|Weirdo Deluxe The Wild World of Pop Surrealism & Lowbrow Art, Matt Dukes Jordan, Chronicle Books, 2005|
Being an art student, of course I've studied surrealism, pop art, and even pop surrealism, but I'd really never heard the term lowbrow art. This is probably because, most artists prefer not to to have their art labeled as lowbrow because some see it as limiting or even derogatory. Lowbrow was an underground movement developed primarily in California. It's influences come from comics, cartoons, hot rods, and punk music with a sense of humor or satire.
After a concise introduction, Jordan displays a colorful fourteen page time line explaining the influences and history of lowbrow art. It was almost shocking to see certain names pop up in the sequence, such as Bugs Bunny, Dr. Seuss, Pee-Wee's Playhouse, and hot rod cars. I had always just seen these as cartoon shows or collector items, not something to help strike up a new movement in art. Many of the artists displayed later in the book also mentioned the popular 90's cartoon The Ren And Stimpy Show as a influential starting point of their lowbrow illustration style. At the time I hated the crude show, but looking at the work displayed in the book, I can definitely see how that influence comes into play.
Following the timeline, Jordan showcases twenty three artists whose work all fall under the category of lowbrow, whether they admit it or not. What I like most about the artists' profile is the interview style technique used for each person, accompanied by five or six large photos of their work. The two questions asked to each artist that I found most intriguing was "What Does He/She Collect" and "On Lowbrow". The first seemed like an unusual question at first, but thinking farther into it, the things people find interesting and valuable enough to collect and fill their lives with definitely says a lot about their personality, which in return will be relayed into their work. A majority of these artists said things like dolls, comic books, and various types of toys. These childish items are definitely echoed in the art they create. For example, Mark Ryden said he collected children's books, stuffed animals, and "toys, toys, toys." A lot of his works consist of fantasy worlds with children, animals, and toys.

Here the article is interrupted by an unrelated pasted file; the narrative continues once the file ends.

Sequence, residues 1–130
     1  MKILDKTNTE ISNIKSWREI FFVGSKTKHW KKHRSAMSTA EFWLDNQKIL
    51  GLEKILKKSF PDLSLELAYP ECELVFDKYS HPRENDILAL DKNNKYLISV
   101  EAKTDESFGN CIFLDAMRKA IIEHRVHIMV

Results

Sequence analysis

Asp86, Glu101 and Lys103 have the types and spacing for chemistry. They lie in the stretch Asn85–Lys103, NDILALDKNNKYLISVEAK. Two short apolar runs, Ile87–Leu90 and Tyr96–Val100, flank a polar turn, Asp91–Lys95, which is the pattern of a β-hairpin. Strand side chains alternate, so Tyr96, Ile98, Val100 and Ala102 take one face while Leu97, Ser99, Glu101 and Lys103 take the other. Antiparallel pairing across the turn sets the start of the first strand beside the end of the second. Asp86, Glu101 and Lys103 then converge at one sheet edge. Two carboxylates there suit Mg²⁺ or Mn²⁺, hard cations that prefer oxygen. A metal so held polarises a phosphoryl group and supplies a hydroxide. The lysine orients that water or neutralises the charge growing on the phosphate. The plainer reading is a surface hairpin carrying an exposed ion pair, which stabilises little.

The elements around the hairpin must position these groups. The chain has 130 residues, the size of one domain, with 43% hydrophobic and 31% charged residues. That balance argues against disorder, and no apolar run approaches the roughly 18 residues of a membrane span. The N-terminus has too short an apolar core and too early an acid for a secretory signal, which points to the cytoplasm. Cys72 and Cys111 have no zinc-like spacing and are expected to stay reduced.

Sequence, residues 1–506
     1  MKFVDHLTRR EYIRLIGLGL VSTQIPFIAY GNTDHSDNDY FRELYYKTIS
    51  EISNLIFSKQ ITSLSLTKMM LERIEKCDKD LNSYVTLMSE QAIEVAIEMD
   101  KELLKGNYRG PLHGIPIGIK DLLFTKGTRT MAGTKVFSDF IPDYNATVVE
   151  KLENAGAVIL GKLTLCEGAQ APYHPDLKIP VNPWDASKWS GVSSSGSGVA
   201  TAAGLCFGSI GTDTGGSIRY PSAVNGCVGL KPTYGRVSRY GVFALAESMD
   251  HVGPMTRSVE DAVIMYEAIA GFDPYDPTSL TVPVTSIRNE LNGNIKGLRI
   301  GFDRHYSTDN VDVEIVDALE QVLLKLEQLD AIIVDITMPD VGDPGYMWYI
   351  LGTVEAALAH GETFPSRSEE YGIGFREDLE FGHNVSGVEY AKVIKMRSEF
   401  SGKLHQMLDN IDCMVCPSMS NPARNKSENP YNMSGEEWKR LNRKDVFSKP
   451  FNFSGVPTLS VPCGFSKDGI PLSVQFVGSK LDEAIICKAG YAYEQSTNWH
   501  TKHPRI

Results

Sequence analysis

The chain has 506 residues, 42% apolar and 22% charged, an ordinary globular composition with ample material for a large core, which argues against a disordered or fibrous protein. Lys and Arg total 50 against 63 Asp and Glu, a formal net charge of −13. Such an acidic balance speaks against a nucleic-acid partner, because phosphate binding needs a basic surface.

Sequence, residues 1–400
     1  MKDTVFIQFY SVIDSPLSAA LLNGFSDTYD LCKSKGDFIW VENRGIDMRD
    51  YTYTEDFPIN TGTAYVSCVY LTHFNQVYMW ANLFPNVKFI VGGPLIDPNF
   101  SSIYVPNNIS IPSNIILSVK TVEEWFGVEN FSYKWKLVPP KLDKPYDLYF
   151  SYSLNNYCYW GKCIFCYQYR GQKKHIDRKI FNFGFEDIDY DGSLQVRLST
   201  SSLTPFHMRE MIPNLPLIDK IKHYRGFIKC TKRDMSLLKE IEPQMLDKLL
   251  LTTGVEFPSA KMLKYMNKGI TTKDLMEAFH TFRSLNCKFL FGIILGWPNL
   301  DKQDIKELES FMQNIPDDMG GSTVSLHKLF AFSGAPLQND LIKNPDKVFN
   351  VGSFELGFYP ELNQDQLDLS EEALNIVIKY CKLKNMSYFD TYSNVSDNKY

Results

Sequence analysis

|Mark Ryden, The Magic Circus, 2001|
"Lowbrow is an annoying, misleading description that belittles this art in what seems to be a fun, flippant manner. I have no idea what moniker should be hung on this art movement."While others simply overlook it, like when Joe Sorren says, "The label isn't important, it's the work that's important." Personally, I feel Isabel Samaras summed it up best:
"The great thing about lowbrow is that it's always seemed to be very inclusive: anybody can play. . . . There's an openness to a large swath of styles and backgrounds that's positively exhilarating."After viewing these artists' works, I couldn't agree more. Jordan definitely chose a wide selections of artists that each have their own individual styles and ways of creating art, but yet they all have similar traits in their work that classify them in the very broad category of lowbrow. From reading the statements in this book, I feel that lowbrow is a way for artists to express themselves in a very nontraditional way with no limits on what type of style they prefer. It their chance to just have fun and make whatever they want to make. Weirdo Deluxe definitely follows that theme with a very fun layout that keeps the content interesting and easy to follow.